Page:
Soon, people in the city will get to travel in autos that have meters fitted with GPS and a panic button that passengers can press to alert officials about erring auto drivers. But this enforcement system may only be viable if there is tremendous logistical investment from the government, as recent experience in Delhi shows.
At the beginning of this year, the transport department in New Delhi had mandated that autos be fitted with panic buttons and GPS, but many users there say the panic buttons never worked. “It becomes difficult to constantly monitor 50,000 autos. With so much mapping and location information sent every minute from all of them, the maintenance costs are huge. So most times, the GPS would be off,” said a transport official.
The panic button is to ensure the safety of commuters – a passenger just needs to press it when she senses danger from stalkers or the driver himself. The GPS installed in the vehicle will immediately send details about the location and vehicle to the control room, which will send alerts to the police and transport officials.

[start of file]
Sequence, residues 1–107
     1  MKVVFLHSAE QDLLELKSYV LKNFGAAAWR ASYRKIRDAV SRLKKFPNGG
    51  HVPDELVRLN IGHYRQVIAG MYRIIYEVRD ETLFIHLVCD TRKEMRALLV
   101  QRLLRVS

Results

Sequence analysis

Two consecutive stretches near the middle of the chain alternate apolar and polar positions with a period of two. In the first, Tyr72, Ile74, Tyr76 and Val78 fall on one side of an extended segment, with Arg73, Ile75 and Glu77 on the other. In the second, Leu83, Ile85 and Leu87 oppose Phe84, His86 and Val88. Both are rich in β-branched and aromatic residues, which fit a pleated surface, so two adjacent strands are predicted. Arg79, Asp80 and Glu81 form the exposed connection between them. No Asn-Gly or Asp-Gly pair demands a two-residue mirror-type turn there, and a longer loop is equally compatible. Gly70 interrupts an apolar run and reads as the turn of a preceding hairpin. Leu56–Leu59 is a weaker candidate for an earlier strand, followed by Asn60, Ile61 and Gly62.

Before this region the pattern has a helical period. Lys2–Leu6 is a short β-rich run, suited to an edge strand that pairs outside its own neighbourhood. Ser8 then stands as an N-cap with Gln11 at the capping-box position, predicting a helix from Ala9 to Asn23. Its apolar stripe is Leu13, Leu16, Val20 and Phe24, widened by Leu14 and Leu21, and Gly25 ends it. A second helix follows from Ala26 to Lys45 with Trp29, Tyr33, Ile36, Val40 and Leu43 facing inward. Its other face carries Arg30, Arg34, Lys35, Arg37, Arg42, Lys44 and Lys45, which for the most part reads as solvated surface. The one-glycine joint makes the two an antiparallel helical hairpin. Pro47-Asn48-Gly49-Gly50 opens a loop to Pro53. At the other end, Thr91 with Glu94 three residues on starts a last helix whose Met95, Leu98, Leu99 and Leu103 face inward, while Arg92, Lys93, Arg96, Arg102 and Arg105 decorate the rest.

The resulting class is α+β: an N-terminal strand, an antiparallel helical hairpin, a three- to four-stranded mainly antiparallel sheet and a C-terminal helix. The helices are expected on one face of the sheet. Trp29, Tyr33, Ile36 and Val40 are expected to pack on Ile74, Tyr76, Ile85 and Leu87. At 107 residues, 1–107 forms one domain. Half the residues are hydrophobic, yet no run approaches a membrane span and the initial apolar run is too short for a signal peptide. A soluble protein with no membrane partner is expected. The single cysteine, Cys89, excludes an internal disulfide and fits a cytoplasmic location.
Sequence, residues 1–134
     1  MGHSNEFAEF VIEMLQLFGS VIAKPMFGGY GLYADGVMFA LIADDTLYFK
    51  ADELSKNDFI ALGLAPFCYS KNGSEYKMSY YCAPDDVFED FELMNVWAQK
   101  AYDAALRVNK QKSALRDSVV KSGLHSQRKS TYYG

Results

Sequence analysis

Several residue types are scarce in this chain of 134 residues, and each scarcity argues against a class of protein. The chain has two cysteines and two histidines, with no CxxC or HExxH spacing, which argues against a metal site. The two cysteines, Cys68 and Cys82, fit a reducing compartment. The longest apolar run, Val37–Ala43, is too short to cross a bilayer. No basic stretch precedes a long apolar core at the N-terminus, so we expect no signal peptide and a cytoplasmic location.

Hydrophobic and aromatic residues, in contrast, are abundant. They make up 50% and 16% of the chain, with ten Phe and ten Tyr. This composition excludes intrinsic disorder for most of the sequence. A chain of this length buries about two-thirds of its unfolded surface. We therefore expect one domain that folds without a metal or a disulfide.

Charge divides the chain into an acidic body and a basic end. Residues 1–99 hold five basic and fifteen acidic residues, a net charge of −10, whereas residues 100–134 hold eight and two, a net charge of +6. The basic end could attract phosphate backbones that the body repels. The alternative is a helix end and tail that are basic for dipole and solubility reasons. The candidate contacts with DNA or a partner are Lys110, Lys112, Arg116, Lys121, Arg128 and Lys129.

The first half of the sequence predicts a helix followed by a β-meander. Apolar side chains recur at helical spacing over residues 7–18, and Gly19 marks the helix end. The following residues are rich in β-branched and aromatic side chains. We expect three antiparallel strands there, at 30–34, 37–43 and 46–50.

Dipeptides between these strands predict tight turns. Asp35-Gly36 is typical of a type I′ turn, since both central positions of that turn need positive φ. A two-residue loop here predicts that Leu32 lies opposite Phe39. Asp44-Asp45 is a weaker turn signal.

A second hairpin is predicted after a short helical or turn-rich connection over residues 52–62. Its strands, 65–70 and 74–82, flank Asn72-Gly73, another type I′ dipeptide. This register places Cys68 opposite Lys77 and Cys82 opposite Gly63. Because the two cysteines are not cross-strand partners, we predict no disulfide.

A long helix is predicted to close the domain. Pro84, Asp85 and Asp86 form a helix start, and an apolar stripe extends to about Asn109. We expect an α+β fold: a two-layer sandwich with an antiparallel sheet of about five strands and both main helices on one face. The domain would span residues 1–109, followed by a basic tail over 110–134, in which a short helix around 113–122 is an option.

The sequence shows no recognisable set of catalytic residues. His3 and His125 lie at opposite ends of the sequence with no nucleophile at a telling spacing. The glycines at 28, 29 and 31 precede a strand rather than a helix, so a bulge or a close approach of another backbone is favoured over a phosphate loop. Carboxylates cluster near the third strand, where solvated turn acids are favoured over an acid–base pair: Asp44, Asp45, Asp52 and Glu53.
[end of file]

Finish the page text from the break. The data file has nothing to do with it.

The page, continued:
The experience of Namma Auto, a city-based initiative that runs autos on metered charges and has panic buttons and GPS facilities, may help.
“Considering we need at least 10 people to monitor the movement of 100 autos, for 70,000 autos, we will need a full-fledged control room with at least 400 trained professionals and secured servers that have dynamic content,” says M. Pramod, an IIT-Madras professor. “What happens if the driver switches off the panic button? There should be a way for the passengers to complain,” he says.
The transport department and police will need to decide who will take the initiative to reach the spot when they get the panic signal. “This has to be done quickly, otherwise it will be a huge failure,” said Prof. Pramod.
The system should also address complaints of passengers regarding exorbitant charges, said Smitha Sadasivan, assistant coordinator of disability legislation unit, Vidya Sagar, who feels persons with disabilities are fleeced by auto drivers and often even denied services.
According to sources here, tenders will soon be announced for meters embedded with the GPS kit that will have the GPRS facility, panic buttons and automated billing. The approximate cost of each meter will be Rs. 10,000. Auto drivers have been asked to re-calibrate their meters with the new fares before October 15.